The past few weeks have been almost unbearably busy, and have left me breathless — in case you hadn’t noticed by the dearth of posts. And the exhaustion has left me feeling a bit blue — though grateful I am not wiped out and wrecked like I was at this time last year.
However, I often find it difficult to communicate who I am; where I am. I find it hard to ask for help, and this, of course, is a recurring theme in my life. But what I really find impossible is for me to explain how hard the transition has been from having had a partner virtually all of my adult life, to now, having to do everything on my own.
It seems I should have figured this out by now, this long after having become single…but strangely, I have not.
For instance, in a very basic example, it sometimes seems challenging to change lightbulbs.
I’ve mentioned this before: I live in a pre-war apartment — beautifully re-done, and well-appointed — but the wiring in the building was never reconfigured, and even with fluourescent bulbs, I chew through them like whoah.
I have tall ceilings but am not a tall woman. I find it endlessly irritating to have to remove the delicate globes from the fixtures from nine-feet above; carefully handle the frosted glass; replace the bulbs in the three-piece configurations that never seem to wear out all at the same time. Even more fundamental than changing the bulbs, I find it annoying to have to buy the bulbs. What’s the right degrees kelvin for fluourescents so they don’t cast horrible light? Do I want to suck it up and buy incandescent bulbs, which will burn out in, like, ten days, just because I’m so sick of looking sickly in the blue-green glow of the wrong-degrees-kelvin ones?
What I am trying to say is that it is enough of a struggle to manage my life and my schedule and my dog and running and All of That, and it is not until I find myself literally sitting in the dark that I begin to take care of some of the more practical household elements of my day-to-day. For some reason, it all reminds me of that old, slapsticky routine where you have the juggler who juggles the pins, then throws them to the empty side of the stage, and the pins fall flat, the punchline is: It is so much better with my brother.
The routine is a pairs-act, and the brother is dead or otherwise indisposed, and so the juggler goes on alone.
The point is that even after three years, I still often feel: This was so much easier with my husband.
And then that becomes the punchline to a really unfunny joke: How many unhappy spouses does it take to change a lightbulb? And the answer is: Two. One to show up at home with the correct degrees-kelvin fluourescent blub, and a ladder to remove the glass globe from the fixture from nine-feet above. And one to bitch until the lightbulb gets changed.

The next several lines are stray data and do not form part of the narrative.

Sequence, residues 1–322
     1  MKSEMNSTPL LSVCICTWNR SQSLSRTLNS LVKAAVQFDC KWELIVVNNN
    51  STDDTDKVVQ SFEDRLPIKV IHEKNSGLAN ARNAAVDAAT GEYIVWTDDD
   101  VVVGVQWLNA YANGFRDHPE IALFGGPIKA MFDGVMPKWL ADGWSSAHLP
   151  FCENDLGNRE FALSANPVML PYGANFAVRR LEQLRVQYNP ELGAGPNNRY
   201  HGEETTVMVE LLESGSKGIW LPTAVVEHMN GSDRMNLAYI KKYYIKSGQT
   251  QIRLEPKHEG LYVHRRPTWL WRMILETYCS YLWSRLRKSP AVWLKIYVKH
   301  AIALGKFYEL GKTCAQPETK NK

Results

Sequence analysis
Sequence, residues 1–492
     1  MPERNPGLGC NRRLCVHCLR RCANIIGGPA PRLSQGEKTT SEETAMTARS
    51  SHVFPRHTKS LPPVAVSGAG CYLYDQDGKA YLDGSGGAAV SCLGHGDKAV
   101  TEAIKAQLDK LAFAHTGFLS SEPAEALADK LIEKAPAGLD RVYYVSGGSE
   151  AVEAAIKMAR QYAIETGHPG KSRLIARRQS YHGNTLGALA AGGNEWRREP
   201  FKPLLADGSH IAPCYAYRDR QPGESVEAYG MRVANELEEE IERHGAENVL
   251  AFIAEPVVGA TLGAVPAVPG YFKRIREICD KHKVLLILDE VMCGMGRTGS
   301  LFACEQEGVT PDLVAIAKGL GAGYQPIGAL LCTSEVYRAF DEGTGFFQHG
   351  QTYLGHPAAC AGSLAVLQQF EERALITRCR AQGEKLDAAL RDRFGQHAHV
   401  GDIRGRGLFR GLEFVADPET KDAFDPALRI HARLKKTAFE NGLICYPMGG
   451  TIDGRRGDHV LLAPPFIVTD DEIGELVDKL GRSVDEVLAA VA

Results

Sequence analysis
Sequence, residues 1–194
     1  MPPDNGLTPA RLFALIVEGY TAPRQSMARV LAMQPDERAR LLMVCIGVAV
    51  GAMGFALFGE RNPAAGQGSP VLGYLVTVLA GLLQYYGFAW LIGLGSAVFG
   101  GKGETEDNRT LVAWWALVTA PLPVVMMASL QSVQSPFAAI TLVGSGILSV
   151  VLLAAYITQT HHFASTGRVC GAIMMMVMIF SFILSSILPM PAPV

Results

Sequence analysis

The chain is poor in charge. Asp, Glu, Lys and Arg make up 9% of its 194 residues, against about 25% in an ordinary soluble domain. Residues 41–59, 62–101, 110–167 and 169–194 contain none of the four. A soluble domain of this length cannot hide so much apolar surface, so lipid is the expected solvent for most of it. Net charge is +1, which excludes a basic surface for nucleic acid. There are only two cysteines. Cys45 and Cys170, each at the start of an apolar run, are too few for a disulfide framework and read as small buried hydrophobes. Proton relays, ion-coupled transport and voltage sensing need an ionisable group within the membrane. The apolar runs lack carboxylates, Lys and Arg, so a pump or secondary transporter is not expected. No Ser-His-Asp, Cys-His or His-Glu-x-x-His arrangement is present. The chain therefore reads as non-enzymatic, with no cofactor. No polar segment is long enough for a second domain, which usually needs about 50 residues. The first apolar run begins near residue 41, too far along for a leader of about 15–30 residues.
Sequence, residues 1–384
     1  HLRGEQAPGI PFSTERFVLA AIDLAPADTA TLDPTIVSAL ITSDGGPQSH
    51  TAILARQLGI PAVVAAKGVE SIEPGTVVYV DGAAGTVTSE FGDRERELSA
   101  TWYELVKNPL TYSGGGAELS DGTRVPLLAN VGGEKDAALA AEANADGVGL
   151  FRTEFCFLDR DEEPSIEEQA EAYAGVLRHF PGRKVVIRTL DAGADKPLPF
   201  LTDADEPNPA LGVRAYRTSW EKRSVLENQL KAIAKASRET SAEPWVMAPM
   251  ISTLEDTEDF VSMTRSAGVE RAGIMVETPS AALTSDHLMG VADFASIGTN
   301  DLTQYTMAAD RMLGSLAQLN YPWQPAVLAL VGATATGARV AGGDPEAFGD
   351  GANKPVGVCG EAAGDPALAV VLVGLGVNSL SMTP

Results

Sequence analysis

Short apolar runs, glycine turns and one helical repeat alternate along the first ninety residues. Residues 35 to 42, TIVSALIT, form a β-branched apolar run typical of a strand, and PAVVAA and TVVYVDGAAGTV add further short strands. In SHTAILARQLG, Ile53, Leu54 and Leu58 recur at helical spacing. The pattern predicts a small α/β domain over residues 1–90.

That’s even less funny than the juggler joke.
Sometimes, the having to change the lightbulb bothers me. Sometimes, not having anyone but myself to blame for the fact it isn’t changed bothers me more.
And that’s the thing, and maybe the hardest part — I have no one to blame but myself for anything. Dishes in the sink? Mine. Clothes on the floor? Mine. Wet towels on the bed? All me. Mistakes made; blunders committed; burned out lightbulbs unchanged; stinky trash not taken out? Me; mine; me me me mine.
No matter how well informed you think you are as you head into your life on your own, I will tell you that you don’t know shit about shit. In a weird way, I’d like to think that the last few years have softened my heart towards myself and others.
The other night, exhausted, I leashed up the dog. I went to the hardware store. I bought lightbulbs. I borrowed the ladder from the doorman and I changed every damned lightbulb in the entire house. I left the dishes in the sink. I left the trash to rot.
In other words: The lightbulb went off. I recognised my own limits. And as to other things that needed doing, I reached out to a few friends; asked for help. While some part of me feared (and might always fear) that a cry for help might be met with ridicule and rejection, my friends responded without hesitation.
Yes, I’ve learned that a divorcee can change a lightbulb on her own. And often, that can be strangely satisfying. But all things — even the changing of the light — is better shared with others. And those who are near and dear will always be my needs answered.